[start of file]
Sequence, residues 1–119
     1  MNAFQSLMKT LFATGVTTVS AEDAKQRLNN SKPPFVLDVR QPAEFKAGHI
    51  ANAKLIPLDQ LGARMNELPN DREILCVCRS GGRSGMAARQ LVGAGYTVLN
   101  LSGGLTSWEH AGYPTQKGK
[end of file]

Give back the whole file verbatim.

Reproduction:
Sequence, residues 1–119
     1  MNAFQSLMKT LFATGVTTVS AEDAKQRLNN SKPPFVLDVR QPAEFKAGHI
    51  ANAKLIPLDQ LGARMNELPN DREILCVCRS GGRSGMAARQ LVGAGYTVLN
   101  LSGGLTSWEH AGYPTQKGK